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• University Hospital in Augusta, GA, had $540,000 in unexpected revenues in 1Q99 ended Jan. 24, following a year of layoffs and diminished earnings. Most of the gains came from trimming costs, President/CEO Richard Parks told The Augusta Chronicle. The university’s home health division also saw better-than-expected earnings with net revenues of $530,000 more than what was budgeted.
• The Conejos County Home Health Agency in Colorado is now under the direction and management of the Conejos County Hospital. The agency will run as it always did, but the county government will no longer oversee it. The county negotiated with the hospital to take over the agency in an effort to be more efficient. Nurses can now do hospital work when home health work is at a minimum.
• The owner of a Colorado Springs, CO, home health company is worried that Medicare will put her out of business. Cecile Alderman, owner of Summit Home Health Care, received a letter in January that said she owed the federal government a large sum of money back pay for going over the $3,400-per-patient allotment. "If Medicare doesn’t work with us, we won’t make it," Alderman told The Gazette in Colorado Springs. The federal government probably won’t set up payment plans because too many home health agencies owe Medicare money, the article said. Since the new rules began in October 1997, more than 40 home care agencies in Colorado have closed. Others have survived by turning away costly patients or by accepting only private insurance.
• Two years ago, the Arkansas legislature required criminal background checks for all prospective employees of nursing homes, home healthcare agencies, and elder care hospices. But that eliminates too many potential employees, according to state Rep. Stuart Vess (D-North Little Rock). Vess proposed allowing people convicted of misdemeanor theft charges to be hired as long as the offense occurred more than five years ago and the person has committed no crimes since then. The House passed the legislation 71-13 last week and sent it on to the Senate.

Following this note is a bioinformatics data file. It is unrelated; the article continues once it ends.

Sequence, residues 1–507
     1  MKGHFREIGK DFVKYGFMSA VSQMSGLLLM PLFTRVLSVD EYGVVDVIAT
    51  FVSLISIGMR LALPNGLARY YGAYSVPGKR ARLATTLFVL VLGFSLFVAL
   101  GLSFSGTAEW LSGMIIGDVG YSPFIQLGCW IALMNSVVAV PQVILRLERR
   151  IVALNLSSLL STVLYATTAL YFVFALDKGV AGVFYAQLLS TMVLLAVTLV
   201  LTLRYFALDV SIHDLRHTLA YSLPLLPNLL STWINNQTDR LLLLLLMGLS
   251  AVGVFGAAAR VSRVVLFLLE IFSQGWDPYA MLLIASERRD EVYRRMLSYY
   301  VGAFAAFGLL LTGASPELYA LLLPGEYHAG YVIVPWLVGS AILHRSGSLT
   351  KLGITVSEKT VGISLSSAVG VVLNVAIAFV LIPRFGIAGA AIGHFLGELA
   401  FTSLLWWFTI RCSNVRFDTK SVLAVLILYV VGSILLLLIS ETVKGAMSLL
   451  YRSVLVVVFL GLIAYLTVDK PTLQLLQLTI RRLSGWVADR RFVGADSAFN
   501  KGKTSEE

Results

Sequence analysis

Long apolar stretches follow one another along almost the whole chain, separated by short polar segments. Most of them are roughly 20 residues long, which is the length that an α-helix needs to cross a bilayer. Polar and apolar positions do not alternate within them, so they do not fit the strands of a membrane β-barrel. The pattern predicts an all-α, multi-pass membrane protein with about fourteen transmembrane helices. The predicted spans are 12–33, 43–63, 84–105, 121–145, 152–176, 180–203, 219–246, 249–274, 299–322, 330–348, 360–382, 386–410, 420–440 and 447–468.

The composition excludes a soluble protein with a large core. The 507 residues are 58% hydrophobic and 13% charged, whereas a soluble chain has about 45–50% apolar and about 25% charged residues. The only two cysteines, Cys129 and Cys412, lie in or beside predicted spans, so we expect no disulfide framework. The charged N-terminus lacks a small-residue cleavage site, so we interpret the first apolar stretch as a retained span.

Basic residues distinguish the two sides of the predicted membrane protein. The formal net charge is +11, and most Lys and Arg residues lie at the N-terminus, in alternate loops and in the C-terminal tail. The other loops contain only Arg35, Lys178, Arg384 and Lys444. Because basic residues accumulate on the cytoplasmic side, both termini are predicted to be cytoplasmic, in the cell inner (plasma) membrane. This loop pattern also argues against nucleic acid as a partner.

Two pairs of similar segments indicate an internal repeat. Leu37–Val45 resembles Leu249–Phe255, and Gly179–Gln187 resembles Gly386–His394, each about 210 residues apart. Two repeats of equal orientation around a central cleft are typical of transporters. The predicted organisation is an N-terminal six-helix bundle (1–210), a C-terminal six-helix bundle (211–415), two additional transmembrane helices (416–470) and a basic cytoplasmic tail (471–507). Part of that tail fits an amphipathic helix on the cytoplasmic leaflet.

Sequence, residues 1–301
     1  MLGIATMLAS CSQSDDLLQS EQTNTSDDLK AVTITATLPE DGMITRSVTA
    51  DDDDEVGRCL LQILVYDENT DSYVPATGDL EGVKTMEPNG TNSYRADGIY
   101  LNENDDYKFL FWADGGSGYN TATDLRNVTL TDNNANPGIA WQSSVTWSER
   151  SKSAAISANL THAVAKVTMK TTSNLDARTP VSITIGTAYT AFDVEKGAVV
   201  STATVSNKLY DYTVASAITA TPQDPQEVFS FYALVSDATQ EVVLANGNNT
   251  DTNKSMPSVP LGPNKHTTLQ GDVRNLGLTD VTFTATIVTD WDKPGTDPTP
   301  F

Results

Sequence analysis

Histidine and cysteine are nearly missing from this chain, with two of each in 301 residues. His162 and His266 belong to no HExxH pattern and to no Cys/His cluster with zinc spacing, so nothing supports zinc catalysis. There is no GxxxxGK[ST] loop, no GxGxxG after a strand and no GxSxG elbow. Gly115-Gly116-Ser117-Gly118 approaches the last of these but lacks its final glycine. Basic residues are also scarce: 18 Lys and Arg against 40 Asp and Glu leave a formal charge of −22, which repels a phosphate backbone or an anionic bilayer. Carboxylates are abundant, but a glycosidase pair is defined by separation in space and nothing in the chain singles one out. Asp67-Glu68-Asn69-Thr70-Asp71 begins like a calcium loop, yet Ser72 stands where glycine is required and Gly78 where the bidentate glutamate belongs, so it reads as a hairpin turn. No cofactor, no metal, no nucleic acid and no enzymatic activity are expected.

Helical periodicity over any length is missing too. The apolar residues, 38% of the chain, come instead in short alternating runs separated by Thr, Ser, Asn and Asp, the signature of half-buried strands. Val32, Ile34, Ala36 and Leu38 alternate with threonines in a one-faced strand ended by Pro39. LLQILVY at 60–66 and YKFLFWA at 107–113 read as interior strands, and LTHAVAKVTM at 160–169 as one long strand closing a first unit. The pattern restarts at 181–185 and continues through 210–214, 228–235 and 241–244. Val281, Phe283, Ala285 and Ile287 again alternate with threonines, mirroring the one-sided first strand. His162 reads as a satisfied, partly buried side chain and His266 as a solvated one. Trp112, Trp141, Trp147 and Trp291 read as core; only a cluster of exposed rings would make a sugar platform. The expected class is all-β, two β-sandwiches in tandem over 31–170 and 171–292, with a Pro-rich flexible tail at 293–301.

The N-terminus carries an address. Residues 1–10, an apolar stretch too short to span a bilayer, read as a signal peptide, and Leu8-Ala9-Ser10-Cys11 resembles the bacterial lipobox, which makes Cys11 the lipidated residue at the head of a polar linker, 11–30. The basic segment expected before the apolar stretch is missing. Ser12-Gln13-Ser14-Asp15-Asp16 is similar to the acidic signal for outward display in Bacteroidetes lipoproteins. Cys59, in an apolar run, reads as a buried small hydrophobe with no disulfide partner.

• A total of 80 Sarnia, ON, Para Med homemakers, who provide home care services, voted to join the Service Employees International Union (SEIU) last week. "Home care is an integral part of our health delivery system," SEIU Local 220 Member Organizer Pam Calder told the Canada NewsWire. "Wage cuts and the elimination of travel allowances at a time when the demand for home care services is skyrocketing is not acceptable in the province of Ontario today. Home care workers are joining SEIU because they want their work respected and recognized, and they want to deliver top service."
• According to a new study, Massachusetts doctors are worried patients are receiving insufficient home care in light of recent federal cutbacks, reported American Health Line. A survey of 1,300 state doctors commissioned by the Massachusetts Medical Society found that two-thirds said home healthcare is "at least insufficient at least some of the time," with chronically ill and elderly patients hurt the most. The study also found nearly half of physicians extend hospital stays for fear of insufficient home care, and almost 40% of doctors made house calls in response to the problem.
• CM HealthCare Resources (CMHR; Deerfield, IL), the home healthcare subsidiary of Children’s Memorial Hospital, is moving its corporate offices from Deerfield, IL, to Northbrook, IL, effective March 29. Because of its growth as a home care provider for children and adults, the company says, it needed to increase its office space. The corporate office now also houses a 24-hour nursing support station. CMHR’s Valparaiso office, serving northwest Indiana, is not affected by this move.
• Liberty Home Care’s (Wilmington, NC) administrative offices have moved to another Wilmington location. The company provides skilled nursing, rehabilitation services, medical social services, and home health aides.
• Linda George, associate director of Boston Senior Home Care, told the Boston Herald she will send out notices this week informing her clients of the restoration of the agency’s home care services. She said the agency saved enough money by cutting services in January and February to restore them, she hopes for the rest of the year. Boston Senior Home Care, one of three state-funded, non-profit home care agencies, told it’s clients at the end of December that they would be losing one home care visit per month because of an increased caseload dumped on the agency due to Medicare cuts, the Herald reported.